Can Solar PV manufacturers survive as stand-alone product companies? – First Solar shows the way

Two very interesting news items caught my eyes and reinforced a trend that is becoming strong.
The first news came last week, and was about MEMC’s announcement that it is planning to change its name to SunEdison. The company’s filing to the Securities and Exchange Commission in the US says that
“This name change does not reflect a change in business strategy related to either of the company’s segments. Rather, the name change will better reflect the synergistic nature of the two businesses and help create and maintain one powerful, global brand name. The company believes the SunEdison name best represents the business, has greater long-term brand equity, scalability and broader appeal in the marketplace”.
This seems quite inevitable. Sun Edison, which is today among the top 3 Project Developers globally, was acquired by the then PV Manufacturing giant MEMC in late 2009. Since then, the manufacturing part of the company has been bleeding due to the global oversupply, whereas the projects division – SunEdison- has been galloping.
According to GTM Research, SunEdison accounted for 24% revenues of MEMC in 2010, and it is estimated at 56% in 2012. Not only that, since SunEdison is directly interacting with the end-customer, the brand-equity for SunEdison would be way higher than a Business-to-Business(B2B) entity like MEMC. In short, the name change makes lot of sense. But it also highlights the trend that the solar downstream(project development/PV deployment) is where the revenues are to be made. The upstream(manufacturing) is extremely competitive and is undergoing intense consolidation(Refer to the list of manufacturing companies going bankrupt, here and here).
The second news was about the Top 10 global Project Developers list published by Wiki-solar. The list is given below.

Wiki Solar

The interesting aspect about the ranking is that First Solar, which used to be a stand-alone Thin Film PV manufacturer is the Number 1 Project Developer. Sun Edison, the subsidiary of a manufacturer(MEMC) comes at Number 3 spot. Another PV manufacturer turned developer – SunPower Corporation also makes it to the Top 10 list.
Wiki-solar also has released the list of the top EPCs and top module manufacturers.Guess what? FirstSolar tops the ranking in these 2 categories as well.The list of the Top 10 PV manufacturers is given below. modules
The takeaway is that First Solar has successfully transformed itself from a PV manufacturer to an EPC contractor as well as a project developer. First Solar is now present across the entire value chain of solar power generation.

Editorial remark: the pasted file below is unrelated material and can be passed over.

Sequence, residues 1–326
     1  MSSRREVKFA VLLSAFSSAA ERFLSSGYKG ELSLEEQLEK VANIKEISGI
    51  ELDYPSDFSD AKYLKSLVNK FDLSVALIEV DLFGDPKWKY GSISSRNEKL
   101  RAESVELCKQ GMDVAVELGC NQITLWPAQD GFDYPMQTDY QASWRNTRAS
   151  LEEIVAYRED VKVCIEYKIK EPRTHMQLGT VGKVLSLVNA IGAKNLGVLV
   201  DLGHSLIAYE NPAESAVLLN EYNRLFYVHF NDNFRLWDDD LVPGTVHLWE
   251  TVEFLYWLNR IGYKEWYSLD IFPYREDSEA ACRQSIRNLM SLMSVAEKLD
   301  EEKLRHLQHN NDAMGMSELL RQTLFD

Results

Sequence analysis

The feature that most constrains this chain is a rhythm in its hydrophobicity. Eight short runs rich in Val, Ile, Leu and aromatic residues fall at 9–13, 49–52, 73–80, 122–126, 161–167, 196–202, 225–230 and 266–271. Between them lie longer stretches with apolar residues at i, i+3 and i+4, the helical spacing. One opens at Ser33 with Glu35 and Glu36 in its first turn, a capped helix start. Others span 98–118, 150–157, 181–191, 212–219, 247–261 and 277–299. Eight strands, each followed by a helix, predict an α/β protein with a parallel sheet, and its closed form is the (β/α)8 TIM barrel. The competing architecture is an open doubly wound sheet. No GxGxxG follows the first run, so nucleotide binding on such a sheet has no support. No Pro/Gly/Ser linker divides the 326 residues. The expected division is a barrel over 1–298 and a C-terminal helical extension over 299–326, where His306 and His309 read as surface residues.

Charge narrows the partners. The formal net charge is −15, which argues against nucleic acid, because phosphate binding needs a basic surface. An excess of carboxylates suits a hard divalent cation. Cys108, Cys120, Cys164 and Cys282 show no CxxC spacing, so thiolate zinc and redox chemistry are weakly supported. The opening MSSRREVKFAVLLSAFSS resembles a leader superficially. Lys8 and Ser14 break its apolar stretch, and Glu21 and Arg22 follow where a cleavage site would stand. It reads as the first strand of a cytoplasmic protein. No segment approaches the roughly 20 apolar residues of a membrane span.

The same is true for MEMC/SunEdison and SunPower. In this article, Shyam Mehta of GTM argues that while these 3 American companies reconfigured themselves to the changing marketplace, their European manufacturing counterparts like Bosch, REC, SolarWorld, etc were more conservative and chose to remain as manufacturers, which was perhaps a bad decision.
This trend of manufacturers integrating forward to EPC and Project development is visible in India as well. Moser Baer is a prime example of this. The company realised the inevitable and started building projects since 2011. A Forbes article on Moser Baer, chronicles how Moser Baer was forced to make this shift. (More details here). According to Moser Baer, they have developed more than 250 MWp of projects in different states of India and another 200 MWp in Europe. This includes a 5 MWp project in Tamil Nadu and 30 MWp in Gujarat(partial list available here).
Tata Power is another company which is present across the entire PV value chain. Tata is not only a manufacturer, EPC and developer, it is also a power distribution company.
Companies like Vikram Solar, Waaree Energies, EMMVEE Solar have also successfully made this transition. A partial list of Indian manufacturers doing EPC/Project Development is given below.
Given this strong trend, will stand-alone manufacturers survive? Chances are slim. ___________________________________________________________________________________________
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1 thought on “Can Solar PV manufacturers survive as stand-alone product companies? – First Solar shows the way”

  1. If the company wants to multiply its operation. It will have to develop as Owner of the units installed as well.
    The size of the units going to be smaller as roof tops in thousands in cities in the future as energy source.

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